In a Feb. 10 appearance on Fox Business (where he gets to continue to appear in part because of how he has sucked up to them so well), Bozell complained about a New York Daily News cover after the New Hampshire primary depicting Trump as a column and calling his voters "mindless zombies." But Bozell has somehow decided that the cover was calling all Republican voters "mindless zombies" despite the context being clear, ranting that this was "character assassination."
Bozell then went further, insisting that "These left-wingers are always pontificating about right-wing haters" but "there's no conservative type of newspaper that does this sort of thing and is this hate-filled toward liberals."
WND's Corsi Still Obsessing About Hillary's Supposed Health Issues
Last time, if you'll remember, WorldNetDaily's Jerome Corsi found a couple of doctors -- none of whom has ever examined Hillary Clinton and one of whom lost his license to practice medicine for unilaterally discontinuing life-saving medication for a patient -- to opine on Hillary taking the blood thinner warfarin (brand name: Coumadin). Now Corsi has dug up another doctor to engage in baseless speculation:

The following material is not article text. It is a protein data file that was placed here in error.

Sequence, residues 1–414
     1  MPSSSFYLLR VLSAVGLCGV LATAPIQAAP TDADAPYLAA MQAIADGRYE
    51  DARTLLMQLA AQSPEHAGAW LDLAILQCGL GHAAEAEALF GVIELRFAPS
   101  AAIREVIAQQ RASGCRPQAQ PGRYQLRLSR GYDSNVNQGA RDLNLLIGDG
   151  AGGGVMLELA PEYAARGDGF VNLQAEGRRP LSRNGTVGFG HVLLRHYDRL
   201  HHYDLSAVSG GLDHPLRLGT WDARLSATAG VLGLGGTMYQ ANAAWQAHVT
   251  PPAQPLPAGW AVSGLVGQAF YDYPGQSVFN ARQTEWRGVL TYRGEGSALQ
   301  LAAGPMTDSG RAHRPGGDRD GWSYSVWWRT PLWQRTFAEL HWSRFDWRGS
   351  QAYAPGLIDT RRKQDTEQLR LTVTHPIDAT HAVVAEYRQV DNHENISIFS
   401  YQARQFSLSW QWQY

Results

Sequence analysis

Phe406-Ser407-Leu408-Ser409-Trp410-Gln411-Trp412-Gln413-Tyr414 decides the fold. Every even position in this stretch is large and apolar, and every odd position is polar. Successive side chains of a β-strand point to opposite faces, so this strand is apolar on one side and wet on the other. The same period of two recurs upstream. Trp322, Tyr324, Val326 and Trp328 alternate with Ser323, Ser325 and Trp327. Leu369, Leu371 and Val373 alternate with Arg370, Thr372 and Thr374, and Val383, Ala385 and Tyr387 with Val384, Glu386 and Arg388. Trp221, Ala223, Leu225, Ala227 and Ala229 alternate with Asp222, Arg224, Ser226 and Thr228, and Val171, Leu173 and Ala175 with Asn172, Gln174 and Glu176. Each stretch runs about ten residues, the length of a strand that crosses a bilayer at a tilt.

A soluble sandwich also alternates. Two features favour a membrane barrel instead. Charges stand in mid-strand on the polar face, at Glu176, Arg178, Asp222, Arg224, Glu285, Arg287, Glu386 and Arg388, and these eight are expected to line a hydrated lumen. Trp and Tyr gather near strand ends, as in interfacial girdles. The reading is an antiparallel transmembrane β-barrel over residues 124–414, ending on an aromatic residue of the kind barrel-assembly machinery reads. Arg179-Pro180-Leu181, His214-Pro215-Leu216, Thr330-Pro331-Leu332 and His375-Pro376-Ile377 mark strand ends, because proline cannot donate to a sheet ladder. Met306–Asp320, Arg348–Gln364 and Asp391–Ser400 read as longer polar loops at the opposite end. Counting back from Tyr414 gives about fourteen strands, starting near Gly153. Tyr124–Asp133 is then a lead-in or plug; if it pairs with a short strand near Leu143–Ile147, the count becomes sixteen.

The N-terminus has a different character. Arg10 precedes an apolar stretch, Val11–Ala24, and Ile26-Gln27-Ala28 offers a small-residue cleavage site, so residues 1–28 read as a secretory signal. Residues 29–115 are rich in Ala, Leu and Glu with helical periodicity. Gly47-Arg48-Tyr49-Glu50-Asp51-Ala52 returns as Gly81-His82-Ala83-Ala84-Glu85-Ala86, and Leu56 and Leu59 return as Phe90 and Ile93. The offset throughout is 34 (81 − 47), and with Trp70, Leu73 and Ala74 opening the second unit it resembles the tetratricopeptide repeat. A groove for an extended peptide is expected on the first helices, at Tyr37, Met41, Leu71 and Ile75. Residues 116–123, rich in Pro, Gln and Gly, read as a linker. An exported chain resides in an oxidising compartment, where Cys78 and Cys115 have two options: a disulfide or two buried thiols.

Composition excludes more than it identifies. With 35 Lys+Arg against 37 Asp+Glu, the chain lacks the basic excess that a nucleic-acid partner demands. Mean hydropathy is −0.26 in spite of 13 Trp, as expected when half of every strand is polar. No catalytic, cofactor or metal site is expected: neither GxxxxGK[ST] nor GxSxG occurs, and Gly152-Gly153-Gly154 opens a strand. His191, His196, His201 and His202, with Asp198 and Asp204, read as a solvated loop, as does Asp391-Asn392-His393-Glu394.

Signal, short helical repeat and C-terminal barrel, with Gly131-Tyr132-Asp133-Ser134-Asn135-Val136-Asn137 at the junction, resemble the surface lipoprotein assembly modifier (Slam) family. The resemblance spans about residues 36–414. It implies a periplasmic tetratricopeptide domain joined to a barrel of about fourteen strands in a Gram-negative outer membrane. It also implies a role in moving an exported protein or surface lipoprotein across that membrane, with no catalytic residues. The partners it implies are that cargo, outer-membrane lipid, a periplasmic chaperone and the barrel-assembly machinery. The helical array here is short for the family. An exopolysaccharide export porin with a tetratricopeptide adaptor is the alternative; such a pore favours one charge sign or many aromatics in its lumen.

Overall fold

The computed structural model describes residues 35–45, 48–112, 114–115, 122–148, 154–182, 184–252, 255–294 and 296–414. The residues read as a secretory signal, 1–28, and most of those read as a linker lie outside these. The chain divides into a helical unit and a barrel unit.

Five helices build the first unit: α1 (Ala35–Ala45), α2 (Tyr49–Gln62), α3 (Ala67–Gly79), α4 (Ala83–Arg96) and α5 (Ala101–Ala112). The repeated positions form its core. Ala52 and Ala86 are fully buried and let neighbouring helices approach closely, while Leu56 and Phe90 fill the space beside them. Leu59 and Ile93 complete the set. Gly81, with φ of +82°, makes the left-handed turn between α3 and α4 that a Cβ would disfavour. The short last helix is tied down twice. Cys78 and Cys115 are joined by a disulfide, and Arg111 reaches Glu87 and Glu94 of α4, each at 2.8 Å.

Again, Hoffman, like Corsi, has never examined Clinton, so anything he has to say is nothing but speculation.
And, again, Corsi doesn't care about Hillary's health -- he's out to destroy her presidential campaign. He's a key component of WND's anti-Hillary jihad, after all. And if raising concerns (based in ignorance) about her health can do that, he has no qualms about it. Remember, Corsi doesn't care about the truth, either.